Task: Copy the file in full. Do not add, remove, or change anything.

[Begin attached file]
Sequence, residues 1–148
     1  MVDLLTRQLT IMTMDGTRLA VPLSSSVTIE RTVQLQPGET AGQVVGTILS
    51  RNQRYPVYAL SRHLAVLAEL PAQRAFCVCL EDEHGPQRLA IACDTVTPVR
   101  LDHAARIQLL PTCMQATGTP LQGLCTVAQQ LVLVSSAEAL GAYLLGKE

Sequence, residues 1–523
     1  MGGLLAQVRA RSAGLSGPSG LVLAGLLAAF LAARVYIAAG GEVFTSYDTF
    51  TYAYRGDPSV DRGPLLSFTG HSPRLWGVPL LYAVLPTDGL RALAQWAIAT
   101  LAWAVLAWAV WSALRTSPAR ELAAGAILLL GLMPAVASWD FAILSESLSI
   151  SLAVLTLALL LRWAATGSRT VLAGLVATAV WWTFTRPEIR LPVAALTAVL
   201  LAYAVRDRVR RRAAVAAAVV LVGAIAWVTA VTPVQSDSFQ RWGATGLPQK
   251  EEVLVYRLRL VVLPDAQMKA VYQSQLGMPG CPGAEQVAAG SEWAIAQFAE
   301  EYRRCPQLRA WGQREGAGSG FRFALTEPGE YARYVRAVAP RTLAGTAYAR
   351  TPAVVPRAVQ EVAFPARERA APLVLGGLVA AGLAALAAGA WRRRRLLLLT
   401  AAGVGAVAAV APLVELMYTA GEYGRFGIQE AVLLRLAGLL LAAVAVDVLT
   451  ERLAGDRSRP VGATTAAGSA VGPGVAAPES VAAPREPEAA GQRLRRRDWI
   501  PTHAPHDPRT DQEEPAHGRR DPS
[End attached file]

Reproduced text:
Sequence, residues 1–148
     1  MVDLLTRQLT IMTMDGTRLA VPLSSSVTIE RTVQLQPGET AGQVVGTILS
    51  RNQRYPVYAL SRHLAVLAEL PAQRAFCVCL EDEHGPQRLA IACDTVTPVR
   101  LDHAARIQLL PTCMQATGTP LQGLCTVAQQ LVLVSSAEAL GAYLLGKE

Sequence, residues 1–523
     1  MGGLLAQVRA RSAGLSGPSG LVLAGLLAAF LAARVYIAAG GEVFTSYDTF
    51  TYAYRGDPSV DRGPLLSFTG HSPRLWGVPL LYAVLPTDGL RALAQWAIAT
   101  LAWAVLAWAV WSALRTSPAR ELAAGAILLL GLMPAVASWD FAILSESLSI
   151  SLAVLTLALL LRWAATGSRT VLAGLVATAV WWTFTRPEIR LPVAALTAVL
   201  LAYAVRDRVR RRAAVAAAVV LVGAIAWVTA VTPVQSDSFQ RWGATGLPQK
   251  EEVLVYRLRL VVLPDAQMKA VYQSQLGMPG CPGAEQVAAG SEWAIAQFAE
   301  EYRRCPQLRA WGQREGAGSG FRFALTEPGE YARYVRAVAP RTLAGTAYAR
   351  TPAVVPRAVQ EVAFPARERA APLVLGGLVA AGLAALAAGA WRRRRLLLLT
   401  AAGVGAVAAV APLVELMYTA GEYGRFGIQE AVLLRLAGLL LAAVAVDVLT
   451  ERLAGDRSRP VGATTAAGSA VGPGVAAPES VAAPREPEAA GQRLRRRDWI
   501  PTHAPHDPRT DQEEPAHGRR DPS